AIM: To assess the role of IgM and IgG immunohistochemistry (IHC) in the evaluation of autoimmune liver conditions - autoimmune hepatitis (AIH), primary biliary cirrhosis (PBC), and primary sclerosing cholangitis (PSC).
METHODS: Forty one biopsies from untreated patients diagnosed with autoimmune liver disease (AIH, n = 20; PBC, n = 13; PSC, n = 8) and fourteen biopsies of patients with chronic hepatitis C were selected. IgM and IgG-positive plasma cells were counted in each sample.
RESULTS: A predominance of IgG-positive plasma cells was seen in AIH (90% of cases), PSC (75% of cases), and chronic hepatitis C (100% of cases), while IgM-positive plasma cells predominated in PBC (92.8% of cases). The IgM /IgG ratio (< 1 or ≥ 1) accurately distinguished PBC from AIH in 90.9% of cases (sensitivity = 92.3%, specificity = 90%), and PBC from either AIH or PSC in 87.8% of cases (sensitivity = 92.3%, specificity = 85.7%).
CONCLUSION: Plasmacytic infiltrates expressing predominantly IgM are characteristic of PBC, while other forms of liver disease analyzed in this study, including AIH, typically show an IgG-predominant plasma cell infiltrate. Our data indicate that IgM and IgG IHC may be a useful tool when PBC is a diagnostic consideration.
Autoimmune hepatitis; Primary sclerosing cholangitis; Primary biliary cirrhosis; Immunoglobulin; Immunohistochemistry
Primary biliary cirrhosis (PBC), primary sclerosing cholangitis (PSC) and autoimmune hepatitis (AIH) are the major forms of autoimmune liver diseases each characterized by the destruction of a specific liver cell type and the presence of differing auto-antibodies. We took a proteomic approach utilizing in situ matrix-assisted laser desorption/ionization mass spectrometry (MALDI MS) to obtain profiles directly from liver samples of patients with PBC, PSC, AIH and controls. The ability to precisely localize the region for acquisition of MALDI MS allowed us to obtain profiles from bile ducts, inflammatory infiltrates and hepatocytes from each biopsy sample. Analysis tools developed to identify peaks and compare peaks across diseases and cell types were used to develop models to classify the samples. Using an initial set of testing samples from PBC patients and controls, we identified unique peaks present in bile ducts, inflammatory infiltrates and hepatocytes that could classify samples in a validation cohort with 88–91% accuracy. Interestingly, profiles of PSC and AIH did not differ significantly from PBC. Identification of proteins in these peaks may represent novel autoantigens or effector molecules. These findings illustrate the potential of a proteomic approach to autoimmune diseases with in situ MALDI MS.
autoimmune hepatitis; mass spectrometry; primary biliary cirrhosis; primary sclerosing cholangitis
AIM: To determine the prevalence and significance of primary biliary cirrhosis (PBC)-specific autoantibodies in first-degree relatives (FDRs) of Greek PBC patients.
METHODS: The presence of antimitochondrial antibodies (AMA) and PBC-specific antinuclear antibodies (ANA) were determined using indirect immunofluorescence assays, dot-blot assays, and molecularly based enzyme-linked immunosorbent assays in 101 asymptomatic for liver-related symptoms FDRs of 44 PBC patients. In order to specify our results, the same investigation was performed in 40 healthy controls and in a disease control group consisting of 40 asymptomatic for liver-related symptoms FDRs of patients with other autoimmune liver diseases namely, autoimmune hepatitis-1 or primary sclerosing cholangitis (AIH-1/PSC).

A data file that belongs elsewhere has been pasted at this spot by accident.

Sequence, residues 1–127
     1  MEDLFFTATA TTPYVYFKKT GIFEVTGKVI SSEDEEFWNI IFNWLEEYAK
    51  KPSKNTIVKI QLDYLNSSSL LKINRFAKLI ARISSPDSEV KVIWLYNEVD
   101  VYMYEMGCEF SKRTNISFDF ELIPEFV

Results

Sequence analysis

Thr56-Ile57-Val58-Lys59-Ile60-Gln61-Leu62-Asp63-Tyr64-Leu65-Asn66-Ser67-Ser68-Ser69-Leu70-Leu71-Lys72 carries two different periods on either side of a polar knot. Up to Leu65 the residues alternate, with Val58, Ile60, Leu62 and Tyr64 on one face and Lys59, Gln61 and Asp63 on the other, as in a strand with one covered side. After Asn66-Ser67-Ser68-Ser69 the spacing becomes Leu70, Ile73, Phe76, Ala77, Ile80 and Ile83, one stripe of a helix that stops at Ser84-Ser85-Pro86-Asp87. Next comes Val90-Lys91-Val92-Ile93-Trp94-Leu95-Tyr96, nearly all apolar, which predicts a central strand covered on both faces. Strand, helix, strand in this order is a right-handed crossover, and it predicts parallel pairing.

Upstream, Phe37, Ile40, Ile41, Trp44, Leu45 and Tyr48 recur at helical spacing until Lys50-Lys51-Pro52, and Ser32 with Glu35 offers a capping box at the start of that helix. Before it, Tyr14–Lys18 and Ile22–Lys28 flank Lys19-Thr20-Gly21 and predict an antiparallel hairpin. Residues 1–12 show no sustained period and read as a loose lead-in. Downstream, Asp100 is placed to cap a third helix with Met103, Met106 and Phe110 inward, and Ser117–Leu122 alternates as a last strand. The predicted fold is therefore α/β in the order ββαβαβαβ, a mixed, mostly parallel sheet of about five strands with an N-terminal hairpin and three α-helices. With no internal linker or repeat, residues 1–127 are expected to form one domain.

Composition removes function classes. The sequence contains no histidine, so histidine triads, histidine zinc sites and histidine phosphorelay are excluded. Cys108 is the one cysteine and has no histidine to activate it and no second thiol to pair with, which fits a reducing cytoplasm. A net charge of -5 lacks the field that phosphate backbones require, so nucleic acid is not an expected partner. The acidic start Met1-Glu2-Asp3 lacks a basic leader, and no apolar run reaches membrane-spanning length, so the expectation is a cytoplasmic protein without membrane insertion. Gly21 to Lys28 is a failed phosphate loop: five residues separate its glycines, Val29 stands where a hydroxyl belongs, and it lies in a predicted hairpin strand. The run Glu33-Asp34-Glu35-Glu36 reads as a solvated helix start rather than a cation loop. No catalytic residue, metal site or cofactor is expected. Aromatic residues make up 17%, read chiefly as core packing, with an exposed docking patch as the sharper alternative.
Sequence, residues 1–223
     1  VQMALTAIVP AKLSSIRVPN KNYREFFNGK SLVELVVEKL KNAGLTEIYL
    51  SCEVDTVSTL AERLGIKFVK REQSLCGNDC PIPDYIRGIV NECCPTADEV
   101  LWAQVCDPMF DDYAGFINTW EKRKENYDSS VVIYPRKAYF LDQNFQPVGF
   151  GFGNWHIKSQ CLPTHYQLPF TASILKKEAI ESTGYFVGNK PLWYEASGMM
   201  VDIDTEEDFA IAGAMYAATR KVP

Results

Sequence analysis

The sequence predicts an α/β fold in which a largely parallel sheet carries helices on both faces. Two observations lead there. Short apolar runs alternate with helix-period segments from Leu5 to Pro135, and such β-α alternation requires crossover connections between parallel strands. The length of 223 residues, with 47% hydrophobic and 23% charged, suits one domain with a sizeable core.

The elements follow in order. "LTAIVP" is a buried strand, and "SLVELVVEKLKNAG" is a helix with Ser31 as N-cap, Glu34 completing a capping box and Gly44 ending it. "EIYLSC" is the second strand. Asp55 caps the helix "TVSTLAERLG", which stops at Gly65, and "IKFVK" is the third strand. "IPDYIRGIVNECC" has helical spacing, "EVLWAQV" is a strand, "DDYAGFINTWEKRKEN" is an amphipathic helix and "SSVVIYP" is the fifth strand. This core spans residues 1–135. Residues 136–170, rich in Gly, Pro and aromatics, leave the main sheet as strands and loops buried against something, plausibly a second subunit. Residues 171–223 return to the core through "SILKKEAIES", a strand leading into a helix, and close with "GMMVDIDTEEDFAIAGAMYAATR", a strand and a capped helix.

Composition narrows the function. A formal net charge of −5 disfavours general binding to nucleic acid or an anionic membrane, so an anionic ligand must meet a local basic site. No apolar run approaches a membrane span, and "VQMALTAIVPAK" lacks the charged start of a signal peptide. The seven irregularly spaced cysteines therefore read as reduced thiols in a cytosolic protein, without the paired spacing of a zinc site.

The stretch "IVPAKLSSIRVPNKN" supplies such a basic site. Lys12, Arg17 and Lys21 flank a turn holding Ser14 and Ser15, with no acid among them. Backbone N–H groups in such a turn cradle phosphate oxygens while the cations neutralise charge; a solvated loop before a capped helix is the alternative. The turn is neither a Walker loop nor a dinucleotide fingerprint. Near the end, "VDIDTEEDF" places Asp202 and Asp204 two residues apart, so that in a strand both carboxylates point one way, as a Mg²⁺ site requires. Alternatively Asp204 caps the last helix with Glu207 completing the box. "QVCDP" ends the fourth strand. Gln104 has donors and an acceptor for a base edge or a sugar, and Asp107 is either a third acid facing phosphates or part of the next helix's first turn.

RESULTS: AMA positivity was observed in 19 (only 4 with abnormal liver function tests) FDRs of PBC patients and none of the healthy controls. The prevalence of AMA was significantly higher in FDRs of PBC patients than in AIH-1/PSC FDRs and healthy controls [18.8%, 95% confidence interval (CI): 12%-28.1% vs 2.5%, 95% CI: 0.1%-14.7%, P = 0.01; 18.8%, 95% CI: 12%-28.1% vs 0%, 95% CI: 0%-10.9%, P = 0.003, respectively]. PBC-specific ANA positivity was observed in only one FDR from a PSC patient. Multivariate analysis showed that having a proband with PBC independently associated with AMA positivity (odds ratio: 11.24, 95% CI: 1.27-25.34, P = 0.03) whereas among the investigated comorbidities and risk factors, a positive past history for urinary tract infections (UTI) was also independently associated with AMA detection in FDRs of PBC patients (odds ratio: 3.92, 95% CI: 1.25-12.35, P = 0.02).
CONCLUSION: In FDRs of Greek PBC patients, AMA prevalence is significantly increased and independently associated with past UTI. PBC-specific ANA were not detected in anyone of PBC FDRs.
Primary biliary cirrhosis; Antimitochondrial antibodies; Anti-gp210; Anti-sp100; Liver autoimmunity
Angioimmunoblastic lymphadenopathy with dysproteinemia (AILD) is a peculiar T cell lymphoma, as expanding B cell clones are often present besides the malignant T cell clones. In addition, large numbers of Epstein-Barr virus (EBV)-infected B cells are frequently observed. To analyze the differentiation status and clonal composition of EBV-harboring B cells in AILD, single EBV-infected cells were micromanipulated from lymph nodes of six patients with frequent EBV+ cells and their rearranged immunoglobulin (Ig) genes analyzed. Most EBV-infected B cells carried mutated Ig genes, indicating that in AILD, EBV preferentially resides in memory and/or germinal center B cells. EBV+ B cell clones observed in all six cases ranged from small polyclonal to large monoclonal expansions and often showed ongoing somatic hypermutation while EBV− B cells showed little tendency for clonal expansion. Surprisingly, many members of expanding B cell clones had acquired destructive mutations in originally functional V gene rearrangements and showed an unfavorable high load of replacement mutations in the framework regions, indicating that they accumulated mutations over repeated rounds of mutation and division while not being selected through their antigen receptor. This sustained selection-free accumulation of somatic mutations is unique to AILD. Moreover, the survival and clonal expansion of “forbidden” (i.e., Ig-deficient) B cells has not been observed before in vivo and thus represents a novel type of viral latency in the B cell compartment. It is likely the interplay between the microenvironment in AILD lymph nodes and the viral transformation that leads to the survival and clonal expansion of Ig-less B cells.